As we discussed in our last post, decking lumber is not a finished product. Sure, it gets to you in a ready-for-installation form, already S4S, E4E, and possibly grooved to allow for a hidden fastener system. But that doesn’t mean it’s pretty. Not yet, anyway. Since the long, tumultuous journey of your decking boards began after milling, not before, the boards will bear the marks of their travels.
How Do We Get It?
When your decking lumber gets to the J Gibson McIlvain lumber yard, it has undergone no primping. Once we get it, it typically sits for months, awaiting its time to be pulled for your order. During that waiting period, it can continue to accumulate added dirt and grime. Sure, we could clean the boards while they wait for you to place your order. We could also sand them before we ship them out. But we don’t. If we did, it would be effort wasted, since more dirt would inevitably accumulate as the lumber waits in our yard and then gets shipped to your job site — and then, again, as it awaits installation at your job site.
What Happens to It at Your Job Site?
Maybe you’re not familiar with the previous stopping points that your decking boards make, but you know what job sites are like. You’ll stack and re-stack decking boards in the dirt before those boards get installed. Even if they just sit around in the same place, awaiting installation, they’ll end up with added mud and staining while they wait. Add some rain into the mix, and even if your lumber is covered with a tarp, it will go through the same condensation scenario as it did in the shipping container. Even the installation process can mean muddy footprints grinding added dirt into the wood fibers. If we had cleaned your decking boards at our lumber yard, they’d definitely need more TLC by the time they’re finally installed. Besides that, the added cost of labor would only drive your prices up, and we really try not to do that to you, if we can help it.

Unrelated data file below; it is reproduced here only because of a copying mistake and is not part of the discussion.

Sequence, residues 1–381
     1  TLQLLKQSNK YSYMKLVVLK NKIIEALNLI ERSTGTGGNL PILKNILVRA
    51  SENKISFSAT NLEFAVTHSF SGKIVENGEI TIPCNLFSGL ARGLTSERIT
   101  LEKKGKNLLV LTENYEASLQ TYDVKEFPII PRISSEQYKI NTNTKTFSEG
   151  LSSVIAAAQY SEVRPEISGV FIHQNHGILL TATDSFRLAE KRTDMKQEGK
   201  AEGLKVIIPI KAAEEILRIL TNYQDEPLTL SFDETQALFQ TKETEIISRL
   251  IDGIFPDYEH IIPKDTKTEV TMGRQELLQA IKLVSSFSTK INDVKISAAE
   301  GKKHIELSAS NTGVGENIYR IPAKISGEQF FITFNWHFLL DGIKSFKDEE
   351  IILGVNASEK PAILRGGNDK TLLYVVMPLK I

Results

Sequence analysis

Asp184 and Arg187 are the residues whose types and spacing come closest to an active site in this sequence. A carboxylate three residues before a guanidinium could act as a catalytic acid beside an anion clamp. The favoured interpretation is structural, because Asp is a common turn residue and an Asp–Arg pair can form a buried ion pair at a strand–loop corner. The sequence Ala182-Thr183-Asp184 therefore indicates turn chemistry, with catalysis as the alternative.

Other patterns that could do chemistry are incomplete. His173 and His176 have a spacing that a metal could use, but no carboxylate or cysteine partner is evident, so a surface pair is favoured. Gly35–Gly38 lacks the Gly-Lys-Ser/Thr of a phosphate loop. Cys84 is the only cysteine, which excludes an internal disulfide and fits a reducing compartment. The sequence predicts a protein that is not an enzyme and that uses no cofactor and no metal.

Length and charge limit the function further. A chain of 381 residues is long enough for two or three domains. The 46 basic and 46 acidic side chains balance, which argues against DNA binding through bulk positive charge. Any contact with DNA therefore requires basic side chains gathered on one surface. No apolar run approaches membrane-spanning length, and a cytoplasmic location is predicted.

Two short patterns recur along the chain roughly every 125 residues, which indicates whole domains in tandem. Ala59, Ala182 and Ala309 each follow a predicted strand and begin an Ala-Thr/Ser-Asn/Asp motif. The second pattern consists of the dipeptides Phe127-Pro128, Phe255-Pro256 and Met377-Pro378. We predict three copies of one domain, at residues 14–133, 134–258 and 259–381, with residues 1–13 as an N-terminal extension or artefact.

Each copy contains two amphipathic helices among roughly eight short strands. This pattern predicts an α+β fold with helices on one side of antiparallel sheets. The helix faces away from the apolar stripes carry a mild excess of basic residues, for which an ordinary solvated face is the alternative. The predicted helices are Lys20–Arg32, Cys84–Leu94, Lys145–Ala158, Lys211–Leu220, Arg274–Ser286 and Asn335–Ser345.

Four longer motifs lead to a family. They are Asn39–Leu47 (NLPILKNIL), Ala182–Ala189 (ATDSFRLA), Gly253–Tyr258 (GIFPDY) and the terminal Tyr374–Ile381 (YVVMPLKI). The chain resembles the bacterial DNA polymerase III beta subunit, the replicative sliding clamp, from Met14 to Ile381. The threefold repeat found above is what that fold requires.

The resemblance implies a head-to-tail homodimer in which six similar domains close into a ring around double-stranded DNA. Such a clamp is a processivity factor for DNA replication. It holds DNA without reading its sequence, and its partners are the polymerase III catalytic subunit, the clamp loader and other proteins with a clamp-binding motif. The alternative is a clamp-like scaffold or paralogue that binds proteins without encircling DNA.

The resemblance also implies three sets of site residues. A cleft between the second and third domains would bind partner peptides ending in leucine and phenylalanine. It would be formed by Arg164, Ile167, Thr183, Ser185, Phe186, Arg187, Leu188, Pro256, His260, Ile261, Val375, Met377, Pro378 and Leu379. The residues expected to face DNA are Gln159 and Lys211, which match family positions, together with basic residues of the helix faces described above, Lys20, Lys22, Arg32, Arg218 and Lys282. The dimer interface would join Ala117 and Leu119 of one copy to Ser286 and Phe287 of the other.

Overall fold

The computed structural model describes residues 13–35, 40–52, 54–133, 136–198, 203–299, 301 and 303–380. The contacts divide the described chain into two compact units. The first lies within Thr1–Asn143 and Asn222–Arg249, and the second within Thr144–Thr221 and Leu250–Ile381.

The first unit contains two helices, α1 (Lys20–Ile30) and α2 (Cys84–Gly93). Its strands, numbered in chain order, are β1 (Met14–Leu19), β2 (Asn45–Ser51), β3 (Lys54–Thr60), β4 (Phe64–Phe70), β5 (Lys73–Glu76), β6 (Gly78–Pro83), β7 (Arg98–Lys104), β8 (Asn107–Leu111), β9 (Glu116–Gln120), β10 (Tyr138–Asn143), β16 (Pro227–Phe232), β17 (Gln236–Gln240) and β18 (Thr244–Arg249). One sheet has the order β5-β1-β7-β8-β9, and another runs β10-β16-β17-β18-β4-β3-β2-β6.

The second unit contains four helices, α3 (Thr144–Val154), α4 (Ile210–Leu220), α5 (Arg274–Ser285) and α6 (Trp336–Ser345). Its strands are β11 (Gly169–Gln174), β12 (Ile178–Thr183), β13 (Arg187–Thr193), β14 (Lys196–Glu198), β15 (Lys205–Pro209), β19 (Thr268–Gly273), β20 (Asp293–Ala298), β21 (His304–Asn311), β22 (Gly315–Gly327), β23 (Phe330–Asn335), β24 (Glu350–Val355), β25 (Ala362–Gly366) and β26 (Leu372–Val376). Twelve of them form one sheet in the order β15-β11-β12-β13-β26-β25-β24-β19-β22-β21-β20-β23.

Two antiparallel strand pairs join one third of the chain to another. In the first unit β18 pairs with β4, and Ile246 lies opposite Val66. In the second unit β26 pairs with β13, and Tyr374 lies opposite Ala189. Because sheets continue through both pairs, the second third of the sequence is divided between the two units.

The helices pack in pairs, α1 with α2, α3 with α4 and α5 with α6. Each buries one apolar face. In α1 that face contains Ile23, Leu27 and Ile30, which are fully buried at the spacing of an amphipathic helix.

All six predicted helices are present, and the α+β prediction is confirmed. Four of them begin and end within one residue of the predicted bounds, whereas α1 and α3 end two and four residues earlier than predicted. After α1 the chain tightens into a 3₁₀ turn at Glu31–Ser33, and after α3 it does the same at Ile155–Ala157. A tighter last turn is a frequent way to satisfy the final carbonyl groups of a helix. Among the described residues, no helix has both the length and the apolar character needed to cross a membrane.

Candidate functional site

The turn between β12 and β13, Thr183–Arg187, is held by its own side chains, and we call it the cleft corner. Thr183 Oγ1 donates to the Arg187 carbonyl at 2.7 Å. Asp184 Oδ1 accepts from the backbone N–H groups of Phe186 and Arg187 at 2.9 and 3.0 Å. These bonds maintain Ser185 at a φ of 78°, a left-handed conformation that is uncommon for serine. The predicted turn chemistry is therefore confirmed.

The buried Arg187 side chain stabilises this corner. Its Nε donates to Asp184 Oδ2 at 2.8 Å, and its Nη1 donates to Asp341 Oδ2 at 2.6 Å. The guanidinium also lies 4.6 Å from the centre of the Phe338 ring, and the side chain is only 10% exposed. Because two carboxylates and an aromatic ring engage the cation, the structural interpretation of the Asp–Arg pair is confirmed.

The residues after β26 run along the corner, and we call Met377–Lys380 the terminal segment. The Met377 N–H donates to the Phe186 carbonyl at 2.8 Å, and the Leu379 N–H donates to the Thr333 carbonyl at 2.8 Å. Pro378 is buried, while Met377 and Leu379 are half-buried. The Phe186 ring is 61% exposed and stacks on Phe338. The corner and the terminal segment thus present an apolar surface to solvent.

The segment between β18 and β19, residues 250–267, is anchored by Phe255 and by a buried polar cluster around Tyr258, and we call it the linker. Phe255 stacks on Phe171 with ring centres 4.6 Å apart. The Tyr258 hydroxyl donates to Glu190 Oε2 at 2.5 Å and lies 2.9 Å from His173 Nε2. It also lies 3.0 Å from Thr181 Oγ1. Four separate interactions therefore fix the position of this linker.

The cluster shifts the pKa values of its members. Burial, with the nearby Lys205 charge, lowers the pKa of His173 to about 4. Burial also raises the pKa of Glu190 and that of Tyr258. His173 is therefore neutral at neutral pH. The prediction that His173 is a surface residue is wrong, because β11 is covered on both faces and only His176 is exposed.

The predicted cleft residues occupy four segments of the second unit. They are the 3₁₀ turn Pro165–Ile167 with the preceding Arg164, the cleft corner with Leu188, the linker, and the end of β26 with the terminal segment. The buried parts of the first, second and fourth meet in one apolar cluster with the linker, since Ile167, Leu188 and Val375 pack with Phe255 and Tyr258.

What Do You Need To Do?
Especially in areas surrounding knots where grain changes directions, you’ll notice tear out. You may also notice rough spots, which present themselves as harder, raised areas where growth rings have been. Particularly hard species such as Cumaru and Ipe can make rough spots even more significant. Sure, we could have evened out these boards for you with a drum sander at our mill, but that would have caused a reduction in the thickness of all our boards. Instead, it’s more efficient to sand your decking boards after installation with either a random orbital sander or a hand-held belt sander. Not only will you knock down raised sections, but you’ll also reduce the thicknesses of some boards in a way that isn’t noticeable when looking at the entire deck.
Read the Series
• Guide to Decking Lumber: Where It All Begins
• Guide to Decking Lumber: When It Gets to Us
• Guide to Decking Lumber: What It Needs at the Jobsite
J. Gibson McIlvain Company
Since 1798, when Hugh McIlvain established a lumber business near Philadelphia, the McIlvain family has been immersed in the premium import and domestic lumber industry. With its headquarters located just outside of Baltimore, the J. Gibson McIlvain Company (www.mcilvain.com) is one of the largest U.S. importers of exotic woods.
As an active supporter of sustainable lumber practices, the J. Gibson McIlvain Company has provided fine lumber for notable projects throughout the world, including the White House, Capitol building, Supreme Court, and the Smithsonian museums.
Contact a sales representative at J. Gibson McIlvain today by calling toll free (800) 638-9100.
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